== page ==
• Dr Daniel Hikuroa - Servant of Papatūānuku
  • Tanea Heke - Tumuaki – Te Kura Toi Whakaari: NZ Drama School
  • Professor Shaun Hendy - Scientist, Author and Director of Te Pūnaha Matatini
  • Michaela Keeble - Poet and Children’s Book Author
  • Lisa McLaren QSM - PhD candidate, Climate Activist
  • Renee Liang - Writer and Doctor
  • David Long - Composer, Musician and Producer
  • Susan Mabin - Artist
  • Moana Maniapoto - Musician, Current Affairs host
  • Sarah Meads - Founder/Manager of Track Zero, Development Specialist
  • Joseph Michael - Visual Artist
  • Jason O’Hara - Designer, Artist and Educator
  • Della Rees - Visual Artist
  • Lisa Reihana ONZM - Artist
  • Professor James Renwick - Head of School, Geography, Environment and Earth Sciences/ Te Kura Tātai Aro Whenua, Victoria University of Wellington/Te Herenga Waka
  • Dr Jenny Rock - Scientist and Artist
  • Rob Ruha - Te Whānau a Apanui, Ngāti Porou – Kōpara-tuhi (Singer/Songwriter)
  • Associate Professor Craig Stevens - Oceanographer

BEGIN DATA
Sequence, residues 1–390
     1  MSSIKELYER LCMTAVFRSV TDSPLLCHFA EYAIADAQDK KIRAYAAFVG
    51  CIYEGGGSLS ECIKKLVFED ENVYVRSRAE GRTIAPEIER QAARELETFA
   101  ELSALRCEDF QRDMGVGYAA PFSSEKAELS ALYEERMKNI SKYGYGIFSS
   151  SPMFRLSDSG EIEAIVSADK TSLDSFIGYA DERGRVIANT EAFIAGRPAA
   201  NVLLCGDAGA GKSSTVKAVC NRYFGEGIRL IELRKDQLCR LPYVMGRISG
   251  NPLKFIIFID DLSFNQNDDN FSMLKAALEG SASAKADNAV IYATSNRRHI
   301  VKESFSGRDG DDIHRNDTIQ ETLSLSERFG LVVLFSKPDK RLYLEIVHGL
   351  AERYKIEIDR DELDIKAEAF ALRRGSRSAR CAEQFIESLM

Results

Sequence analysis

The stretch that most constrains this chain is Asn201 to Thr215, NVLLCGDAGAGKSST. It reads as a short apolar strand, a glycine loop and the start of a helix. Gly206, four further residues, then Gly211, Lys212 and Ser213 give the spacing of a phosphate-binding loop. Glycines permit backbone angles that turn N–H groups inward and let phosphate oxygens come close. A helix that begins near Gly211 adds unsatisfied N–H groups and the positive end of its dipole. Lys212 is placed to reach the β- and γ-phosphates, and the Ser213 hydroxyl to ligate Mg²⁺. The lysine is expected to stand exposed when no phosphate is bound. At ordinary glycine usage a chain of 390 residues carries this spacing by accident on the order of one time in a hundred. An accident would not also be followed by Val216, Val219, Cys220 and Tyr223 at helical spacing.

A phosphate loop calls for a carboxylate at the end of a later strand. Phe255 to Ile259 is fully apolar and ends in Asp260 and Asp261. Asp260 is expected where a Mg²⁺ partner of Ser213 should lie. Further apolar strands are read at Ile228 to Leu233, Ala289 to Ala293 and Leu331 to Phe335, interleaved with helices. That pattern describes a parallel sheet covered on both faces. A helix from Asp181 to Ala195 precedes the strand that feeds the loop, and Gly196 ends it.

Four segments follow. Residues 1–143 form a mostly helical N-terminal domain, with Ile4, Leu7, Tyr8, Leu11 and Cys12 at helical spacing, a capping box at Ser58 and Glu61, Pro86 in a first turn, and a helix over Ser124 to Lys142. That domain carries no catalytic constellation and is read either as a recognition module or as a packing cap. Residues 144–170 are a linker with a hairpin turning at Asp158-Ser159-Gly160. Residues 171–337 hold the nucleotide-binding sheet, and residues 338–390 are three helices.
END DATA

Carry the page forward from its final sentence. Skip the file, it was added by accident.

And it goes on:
• Kelcy Taratoa - Artist
  • Dr Carla van Zon ONZM - Arts Festival Artistic Director, Curator and Producer
  • Kerry Warkia - Producer and Founding Partner of Brown Sugar Apple Grunt Productions

The group is encouraging the wider public to have their say on the consultation. Track Zero’s Collective Submission and links to resources for groups and individuals to make their own submissions can be accessed on the Track Zero website:

A link to the Government proposal and submission form can be accessed:

Consultation is open until 4 December 2020.

Della Rees ‘Mandala Series II’ (floor piece) 2011. Image credit: supplied by Della Rees.
Joseph Michael ‘Voices for the Future’ lit up the United Nations General Assembly and Secretariat buildings in New York. Image credit: supplied by Joseph Michael